To be filled out by faculty nominator, can be edited by student:
Dr. Andre Venter
- One of the nation’s worst inland oil spills occurred near Marshall in Michigan in 2010.
- The recent Enbridge Line 6B rupture released over three million liters of diluted bitumen crude oil into the environment.
- The spilled oil entered the Talmadge Creek and flowed into the Kalamazoo River, a Lake Michigan tributary.
- Polycyclic Aromatic Hydrocarbons (PAHs) together with other pollutants were released into the environment.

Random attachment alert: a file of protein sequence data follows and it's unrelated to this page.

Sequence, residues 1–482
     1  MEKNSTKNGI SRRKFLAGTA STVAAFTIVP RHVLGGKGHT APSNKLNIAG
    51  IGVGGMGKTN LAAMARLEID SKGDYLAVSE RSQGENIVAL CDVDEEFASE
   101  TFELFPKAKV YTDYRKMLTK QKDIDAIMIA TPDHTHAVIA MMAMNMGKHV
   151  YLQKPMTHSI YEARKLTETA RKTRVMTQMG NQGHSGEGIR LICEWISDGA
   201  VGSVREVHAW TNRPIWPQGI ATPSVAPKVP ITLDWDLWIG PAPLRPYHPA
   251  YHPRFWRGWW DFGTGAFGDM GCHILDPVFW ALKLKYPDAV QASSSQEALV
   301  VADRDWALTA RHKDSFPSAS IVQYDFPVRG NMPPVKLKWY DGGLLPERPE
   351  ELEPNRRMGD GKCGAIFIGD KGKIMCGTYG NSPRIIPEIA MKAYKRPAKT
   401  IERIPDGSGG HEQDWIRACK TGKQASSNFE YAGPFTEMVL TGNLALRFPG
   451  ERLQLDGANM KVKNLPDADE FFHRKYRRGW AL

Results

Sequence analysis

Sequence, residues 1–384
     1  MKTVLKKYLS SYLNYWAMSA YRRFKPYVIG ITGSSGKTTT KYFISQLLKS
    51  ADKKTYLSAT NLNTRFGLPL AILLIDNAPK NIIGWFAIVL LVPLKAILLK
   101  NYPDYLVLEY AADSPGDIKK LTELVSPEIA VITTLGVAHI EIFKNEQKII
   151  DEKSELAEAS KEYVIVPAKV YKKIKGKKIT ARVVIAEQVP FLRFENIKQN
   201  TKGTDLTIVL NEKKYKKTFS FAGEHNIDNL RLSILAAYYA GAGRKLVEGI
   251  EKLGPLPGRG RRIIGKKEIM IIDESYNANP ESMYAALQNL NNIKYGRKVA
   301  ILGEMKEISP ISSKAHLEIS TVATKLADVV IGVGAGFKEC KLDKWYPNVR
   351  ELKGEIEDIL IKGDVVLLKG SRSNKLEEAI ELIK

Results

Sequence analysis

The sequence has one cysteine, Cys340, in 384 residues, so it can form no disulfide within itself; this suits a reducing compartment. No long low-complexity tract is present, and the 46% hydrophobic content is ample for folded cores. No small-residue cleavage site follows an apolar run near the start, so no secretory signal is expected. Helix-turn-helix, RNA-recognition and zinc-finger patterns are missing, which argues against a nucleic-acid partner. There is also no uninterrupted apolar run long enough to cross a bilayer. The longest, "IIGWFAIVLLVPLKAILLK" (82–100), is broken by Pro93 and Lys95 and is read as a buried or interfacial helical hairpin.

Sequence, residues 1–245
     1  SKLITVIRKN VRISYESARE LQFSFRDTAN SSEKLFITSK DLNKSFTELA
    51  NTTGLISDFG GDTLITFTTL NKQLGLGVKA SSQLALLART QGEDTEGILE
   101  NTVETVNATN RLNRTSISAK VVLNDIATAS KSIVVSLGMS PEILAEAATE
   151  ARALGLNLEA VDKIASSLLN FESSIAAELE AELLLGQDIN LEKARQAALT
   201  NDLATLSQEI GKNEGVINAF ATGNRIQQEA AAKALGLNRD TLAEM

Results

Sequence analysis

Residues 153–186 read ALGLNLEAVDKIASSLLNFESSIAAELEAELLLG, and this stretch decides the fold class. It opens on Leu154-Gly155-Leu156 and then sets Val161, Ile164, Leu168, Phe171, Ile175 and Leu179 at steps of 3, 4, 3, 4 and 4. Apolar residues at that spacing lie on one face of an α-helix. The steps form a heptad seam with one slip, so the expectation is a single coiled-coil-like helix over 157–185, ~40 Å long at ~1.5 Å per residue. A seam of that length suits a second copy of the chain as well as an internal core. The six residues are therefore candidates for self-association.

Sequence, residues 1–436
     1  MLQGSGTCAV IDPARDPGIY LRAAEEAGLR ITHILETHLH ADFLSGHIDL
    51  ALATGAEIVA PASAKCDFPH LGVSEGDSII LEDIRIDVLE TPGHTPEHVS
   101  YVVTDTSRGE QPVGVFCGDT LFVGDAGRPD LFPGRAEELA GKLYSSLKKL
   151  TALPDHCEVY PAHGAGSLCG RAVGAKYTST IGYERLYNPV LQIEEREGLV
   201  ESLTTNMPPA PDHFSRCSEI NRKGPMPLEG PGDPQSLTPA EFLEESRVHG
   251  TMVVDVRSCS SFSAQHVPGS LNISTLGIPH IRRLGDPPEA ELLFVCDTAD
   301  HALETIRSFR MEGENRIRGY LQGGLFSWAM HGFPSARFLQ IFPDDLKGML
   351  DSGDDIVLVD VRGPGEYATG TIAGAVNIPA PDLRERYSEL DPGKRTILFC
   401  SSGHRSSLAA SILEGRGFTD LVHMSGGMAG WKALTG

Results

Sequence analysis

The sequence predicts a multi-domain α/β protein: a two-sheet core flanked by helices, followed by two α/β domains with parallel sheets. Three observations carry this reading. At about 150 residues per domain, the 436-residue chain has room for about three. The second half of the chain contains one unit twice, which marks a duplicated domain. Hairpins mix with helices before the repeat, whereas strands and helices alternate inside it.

- PAHs represents significant threats to aquatic organisms due to their carcinogenic and mutagenic properties and their persistence in the environment.
- Five years following the oil spill accident, the levels and identities of PAHs were investigated in six shoreline sites along the Kalamazoo river using Gas Chromatography-Mass Spectrometry (GC-MS).
- Thirteen PAHs were identified and their concentrations were quantified using GC-MS.
WMU ScholarWorks Citation
Al-Isawi, Wisam, "The Level of Polyaromatic Hydrocarbon Contamination on the Kalamazoo River Shoreline Remains High Following the 2010 Enbridge Oil Spill" (2016). Research and Creative Activities Poster Day. 179.